Thursday, March 26, 2009

The Adventures of Sherlock Holmes

British Granada Television's adaptations of Sir Arthur Conan Doyle works

When I was eleven-twelve years old I went through a Sherlock Holmes craze. For a period I was obsessed with the persona of the well known detective and I read all of the original stories and also a few of the non-canonical writings. I also remember that Swedish television aired the Sherlock Holmes played by Jeremy Brett, and I of course watched as many of them as I had the chance to.

During the past years I have meditated the thoughts of a renaissance with the master. The purchase of a cheap Signet Classics softcover in a book shop at the top of Victoria Peak, with an impressive view over Kowloon and Hong Kong, marked the starting point of just that revitalisation in my literary world. The bridges from Colonial Hong Kong to the eccentric bohemian cleverness in London's Baker Street are plentiful. Even more so, perhaps, in my psyche.

The entire series produced by Granada Television in between 1984 and 1994 consists of The Adventures of Sherlock Holmes, The Return of Sherlock Holmes, The Case-book of Sherlock Holmes and The Memoirs of Sherlock Holmes. In the first two seasons David Burke plays Mr Holmes' sidekick Dr Watson, and in the remaining seasons the role is instead equally well manoeuvred by Edward Hardwicke. Altogether forty-one out of the sixty stories were adapted and from what I have gathered more seasons were planned. This was however put to halt when Jeremy Brett died from acute myocardial infarction at the age of 61 in 1995. One's eyes does not have to be thoroughly trained to witness Mr Brett's deteriorating health during the episodes in the final season. The portrait of Sherlock Holmes as it appears in The Memoirs is that one of a much older man.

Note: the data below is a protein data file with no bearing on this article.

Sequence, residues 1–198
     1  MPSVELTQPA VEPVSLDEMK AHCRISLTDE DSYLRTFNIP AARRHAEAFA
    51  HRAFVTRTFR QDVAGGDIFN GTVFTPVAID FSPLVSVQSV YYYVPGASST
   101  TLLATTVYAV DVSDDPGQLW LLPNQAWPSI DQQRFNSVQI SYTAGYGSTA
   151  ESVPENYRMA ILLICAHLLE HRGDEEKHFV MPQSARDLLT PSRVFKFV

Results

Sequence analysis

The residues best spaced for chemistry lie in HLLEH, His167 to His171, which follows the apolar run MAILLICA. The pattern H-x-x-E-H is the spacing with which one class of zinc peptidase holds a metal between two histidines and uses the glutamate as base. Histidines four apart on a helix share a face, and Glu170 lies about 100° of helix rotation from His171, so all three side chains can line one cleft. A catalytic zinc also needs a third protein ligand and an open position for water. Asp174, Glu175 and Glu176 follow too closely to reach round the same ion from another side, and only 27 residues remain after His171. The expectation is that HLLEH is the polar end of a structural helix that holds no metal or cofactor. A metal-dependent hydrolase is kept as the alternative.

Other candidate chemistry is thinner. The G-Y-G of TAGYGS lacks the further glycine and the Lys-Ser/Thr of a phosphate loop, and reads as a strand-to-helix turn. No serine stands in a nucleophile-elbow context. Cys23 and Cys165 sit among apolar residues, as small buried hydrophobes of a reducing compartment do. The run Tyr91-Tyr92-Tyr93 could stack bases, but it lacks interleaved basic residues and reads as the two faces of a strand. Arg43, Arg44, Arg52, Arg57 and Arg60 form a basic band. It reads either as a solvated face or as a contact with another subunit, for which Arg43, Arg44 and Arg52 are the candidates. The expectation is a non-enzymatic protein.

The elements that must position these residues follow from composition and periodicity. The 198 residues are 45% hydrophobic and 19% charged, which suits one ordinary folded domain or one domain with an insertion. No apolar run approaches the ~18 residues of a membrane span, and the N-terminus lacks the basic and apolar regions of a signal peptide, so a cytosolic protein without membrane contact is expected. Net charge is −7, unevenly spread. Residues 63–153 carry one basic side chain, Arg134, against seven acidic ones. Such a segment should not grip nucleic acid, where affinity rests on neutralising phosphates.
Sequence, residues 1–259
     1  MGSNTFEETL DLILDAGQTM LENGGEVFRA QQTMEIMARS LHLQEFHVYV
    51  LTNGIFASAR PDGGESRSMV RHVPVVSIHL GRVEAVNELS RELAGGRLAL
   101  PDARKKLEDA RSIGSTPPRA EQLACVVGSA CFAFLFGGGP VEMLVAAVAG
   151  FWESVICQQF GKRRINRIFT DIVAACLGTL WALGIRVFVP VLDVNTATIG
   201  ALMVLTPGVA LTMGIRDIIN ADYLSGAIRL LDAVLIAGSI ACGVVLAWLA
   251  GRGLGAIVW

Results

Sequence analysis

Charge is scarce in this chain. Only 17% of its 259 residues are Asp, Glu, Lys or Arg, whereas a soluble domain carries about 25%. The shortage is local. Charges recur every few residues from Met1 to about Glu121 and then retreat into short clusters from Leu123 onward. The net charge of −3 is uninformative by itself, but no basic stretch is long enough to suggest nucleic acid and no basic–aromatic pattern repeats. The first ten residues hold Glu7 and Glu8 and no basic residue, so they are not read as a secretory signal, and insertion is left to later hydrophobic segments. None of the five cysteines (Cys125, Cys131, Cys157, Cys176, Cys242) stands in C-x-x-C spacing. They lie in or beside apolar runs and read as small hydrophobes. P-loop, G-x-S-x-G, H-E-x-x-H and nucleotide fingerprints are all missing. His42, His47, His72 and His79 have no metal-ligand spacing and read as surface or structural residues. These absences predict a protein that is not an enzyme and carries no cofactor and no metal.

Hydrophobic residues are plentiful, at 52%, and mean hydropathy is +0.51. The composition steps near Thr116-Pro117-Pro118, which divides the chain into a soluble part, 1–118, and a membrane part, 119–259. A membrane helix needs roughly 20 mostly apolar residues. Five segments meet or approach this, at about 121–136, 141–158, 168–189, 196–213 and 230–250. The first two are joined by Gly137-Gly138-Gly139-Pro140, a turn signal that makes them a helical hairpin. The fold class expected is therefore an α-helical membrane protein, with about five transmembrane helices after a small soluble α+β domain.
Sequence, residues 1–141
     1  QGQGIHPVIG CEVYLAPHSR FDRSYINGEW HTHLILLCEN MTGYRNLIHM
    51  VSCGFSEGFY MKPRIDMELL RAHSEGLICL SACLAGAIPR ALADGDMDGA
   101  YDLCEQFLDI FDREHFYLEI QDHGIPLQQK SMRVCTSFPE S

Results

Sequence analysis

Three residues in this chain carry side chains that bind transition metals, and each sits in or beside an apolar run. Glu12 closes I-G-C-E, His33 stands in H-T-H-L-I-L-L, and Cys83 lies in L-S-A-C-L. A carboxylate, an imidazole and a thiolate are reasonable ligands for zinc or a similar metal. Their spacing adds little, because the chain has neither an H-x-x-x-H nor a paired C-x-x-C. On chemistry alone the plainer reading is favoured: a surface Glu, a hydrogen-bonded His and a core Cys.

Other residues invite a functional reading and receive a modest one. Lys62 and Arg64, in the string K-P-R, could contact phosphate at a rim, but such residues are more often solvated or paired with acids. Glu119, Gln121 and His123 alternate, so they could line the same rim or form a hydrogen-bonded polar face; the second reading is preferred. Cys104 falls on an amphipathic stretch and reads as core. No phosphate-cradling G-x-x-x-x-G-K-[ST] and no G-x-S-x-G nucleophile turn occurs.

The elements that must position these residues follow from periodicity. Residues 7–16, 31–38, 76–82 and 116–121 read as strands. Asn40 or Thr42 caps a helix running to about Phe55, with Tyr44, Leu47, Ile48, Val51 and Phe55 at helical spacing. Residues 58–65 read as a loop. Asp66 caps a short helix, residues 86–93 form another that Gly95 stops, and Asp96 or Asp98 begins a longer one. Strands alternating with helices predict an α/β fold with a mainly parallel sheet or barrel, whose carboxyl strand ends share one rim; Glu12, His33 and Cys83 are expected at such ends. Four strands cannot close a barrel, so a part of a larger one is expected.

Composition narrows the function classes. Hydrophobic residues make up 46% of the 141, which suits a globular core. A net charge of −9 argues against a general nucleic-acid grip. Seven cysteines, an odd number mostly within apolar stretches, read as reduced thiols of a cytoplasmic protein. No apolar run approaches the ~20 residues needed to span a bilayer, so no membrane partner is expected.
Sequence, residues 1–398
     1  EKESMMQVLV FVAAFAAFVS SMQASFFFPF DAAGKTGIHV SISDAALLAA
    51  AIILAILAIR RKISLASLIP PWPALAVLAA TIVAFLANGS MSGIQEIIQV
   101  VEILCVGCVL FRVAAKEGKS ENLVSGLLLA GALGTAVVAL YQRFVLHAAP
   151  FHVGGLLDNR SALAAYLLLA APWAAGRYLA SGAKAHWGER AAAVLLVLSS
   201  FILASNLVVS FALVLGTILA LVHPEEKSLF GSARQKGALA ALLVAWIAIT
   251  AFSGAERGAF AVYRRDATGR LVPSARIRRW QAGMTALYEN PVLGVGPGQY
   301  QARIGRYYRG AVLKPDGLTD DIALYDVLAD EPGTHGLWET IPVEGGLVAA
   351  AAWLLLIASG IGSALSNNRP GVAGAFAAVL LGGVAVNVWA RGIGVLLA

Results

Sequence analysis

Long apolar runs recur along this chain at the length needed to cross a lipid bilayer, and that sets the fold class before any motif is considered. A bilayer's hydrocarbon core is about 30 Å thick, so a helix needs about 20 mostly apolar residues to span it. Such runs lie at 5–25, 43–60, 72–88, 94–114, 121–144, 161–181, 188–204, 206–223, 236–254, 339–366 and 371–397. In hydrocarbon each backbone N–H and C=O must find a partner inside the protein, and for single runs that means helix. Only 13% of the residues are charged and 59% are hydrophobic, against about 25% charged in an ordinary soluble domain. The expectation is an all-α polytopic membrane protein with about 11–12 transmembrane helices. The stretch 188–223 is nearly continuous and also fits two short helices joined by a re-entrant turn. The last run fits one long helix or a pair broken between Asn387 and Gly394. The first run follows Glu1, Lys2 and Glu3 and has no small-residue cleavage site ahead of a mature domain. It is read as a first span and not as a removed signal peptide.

The adaptation is, in one word, excellent. Jeremy Brett grows into the role better as the seasons pass. One can sense an increasing actor's pride in understanding that he is putting a face on what many has come to consider the definitive screen version of the Detective of all detectives. Such self-confidence is needed when being Sherlock. Much care is put into details, not only in how the superior ego and slightly neurotic protagonist is played, but in all characters and scenery.

Sherlock Holmes has wit and humour, and childlike curiosity. He understands the value of imagination and uses it together with his extremely capable powers of reasoning to solve the darkest of mysteries. It works as good now as when I was a boy.